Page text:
The uncharacteristic sunny skies above Wales this Summer have meant little time has been spent modelling, motorcycling and other outdoor pursuits have taken precedence. I have however managed to finish the coal yard scene that I started in the previous blog entry http://www.rmweb.co.uk/community/index.php?/blog/1131/entry-20890-coal/ back in the middle of May! As Stubby pointed out the ground around the coal heaps looked a bit too clean, so coal dust and artists pastels were used to blend the coal into the yard and pieces of coal were placed between the rails in the siding. Matt aerosol acrylic varnish was the used to fix everything in position.
I wanted to incorporate a coal merchants horse drawn wagon into the scene and found an etched brass kit was available in Duncan Models range. http://www.duncanmodels.co.uk/price_list_horse_drawn_wheeled_vehicles.htm
The kit was assembled using a Miniflame torch and Carrs 188 solder paste for the etched brass components, along with 5 minute epoxy resin for the white metal parts.
I'd noticed some rather nice etched brass hand barrow kits on the Roxey Moulding's stand at a recent show http://www.roxeymouldings.co.uk/category/88/7mm-scale-/-0-gauge-southwark-bridge-models-accessories/
and thought they would make a nice addition to the scene.
After a bit of fiddly, finger singeing soldering the completed kit looks like this!
I needed some coal sacks to place on the cart and used some "filled" and "unfilled" versions from http://www.sanddmodels.co.uk/products_43_accessories.htm whichhave a nice surface texture. These along with the barrow were painted using Humbrol enamel paints.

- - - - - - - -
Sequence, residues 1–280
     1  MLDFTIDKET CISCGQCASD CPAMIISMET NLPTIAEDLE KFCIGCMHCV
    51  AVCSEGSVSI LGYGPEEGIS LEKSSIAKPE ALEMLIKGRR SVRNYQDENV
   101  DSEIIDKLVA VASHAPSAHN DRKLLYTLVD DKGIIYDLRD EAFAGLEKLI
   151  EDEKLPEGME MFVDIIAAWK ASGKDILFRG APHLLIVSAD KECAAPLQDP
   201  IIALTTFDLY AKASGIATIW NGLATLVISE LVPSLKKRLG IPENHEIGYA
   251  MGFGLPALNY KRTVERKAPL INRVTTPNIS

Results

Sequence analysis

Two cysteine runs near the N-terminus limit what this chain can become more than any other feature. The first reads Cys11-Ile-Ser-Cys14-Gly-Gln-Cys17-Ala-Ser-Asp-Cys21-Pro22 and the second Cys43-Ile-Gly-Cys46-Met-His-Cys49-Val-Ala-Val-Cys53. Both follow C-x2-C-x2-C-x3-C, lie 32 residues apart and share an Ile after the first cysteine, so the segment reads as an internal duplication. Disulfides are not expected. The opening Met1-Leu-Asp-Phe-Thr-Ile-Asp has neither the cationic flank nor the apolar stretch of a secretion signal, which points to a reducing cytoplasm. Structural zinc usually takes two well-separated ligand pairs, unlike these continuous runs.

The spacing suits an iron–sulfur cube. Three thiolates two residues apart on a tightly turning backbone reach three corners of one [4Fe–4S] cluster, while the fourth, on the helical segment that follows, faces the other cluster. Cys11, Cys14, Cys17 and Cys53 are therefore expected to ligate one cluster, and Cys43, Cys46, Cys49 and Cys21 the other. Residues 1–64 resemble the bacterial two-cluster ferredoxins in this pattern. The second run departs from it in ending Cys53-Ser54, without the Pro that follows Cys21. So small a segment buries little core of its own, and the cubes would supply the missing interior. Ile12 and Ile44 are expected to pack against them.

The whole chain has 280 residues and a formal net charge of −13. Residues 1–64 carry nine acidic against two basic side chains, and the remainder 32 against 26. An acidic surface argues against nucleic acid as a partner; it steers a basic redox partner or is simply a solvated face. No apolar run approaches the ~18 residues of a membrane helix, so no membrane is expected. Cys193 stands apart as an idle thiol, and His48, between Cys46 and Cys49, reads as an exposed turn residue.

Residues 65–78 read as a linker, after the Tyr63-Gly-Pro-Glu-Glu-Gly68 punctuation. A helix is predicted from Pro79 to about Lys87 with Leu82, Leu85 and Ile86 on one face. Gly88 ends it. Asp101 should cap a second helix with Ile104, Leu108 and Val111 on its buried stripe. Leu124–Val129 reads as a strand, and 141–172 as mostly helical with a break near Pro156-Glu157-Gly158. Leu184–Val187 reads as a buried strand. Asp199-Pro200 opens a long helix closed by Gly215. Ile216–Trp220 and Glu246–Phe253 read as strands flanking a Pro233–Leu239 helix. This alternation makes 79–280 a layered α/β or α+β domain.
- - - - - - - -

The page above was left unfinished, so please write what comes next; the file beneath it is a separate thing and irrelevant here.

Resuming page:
The Coal merchants cart was primed, then painted using more enamel paints. The lettering was cobbled together using press fix letters from a GWR 7mm scale wagon sheet, I hope Sherton Abbas's coal merchant Mr Frederick David Harris approves of his vehicle's livery!
Figures for the scene were provided from Andrew Stadden's excellent range https://www.acstadden.co.uk/product-page/vn2-navvies-2 One of the figures had his arms removed and replaced in a new position so that he could hold the head of the horse, a la Mikkel of this parish:-)
Once the paint had dried the various models were positioned on the layout and moved about until I was happy with the composition of the scene, then glued in position with 5 minute epoxy resin.
The following pictures are of the completed scene along with a couple of gratuitous images of the Dean Goods, as after all this is supposed to be a Railway Modelling blog rather than Horse Drawn Weekly!
Until next time:-)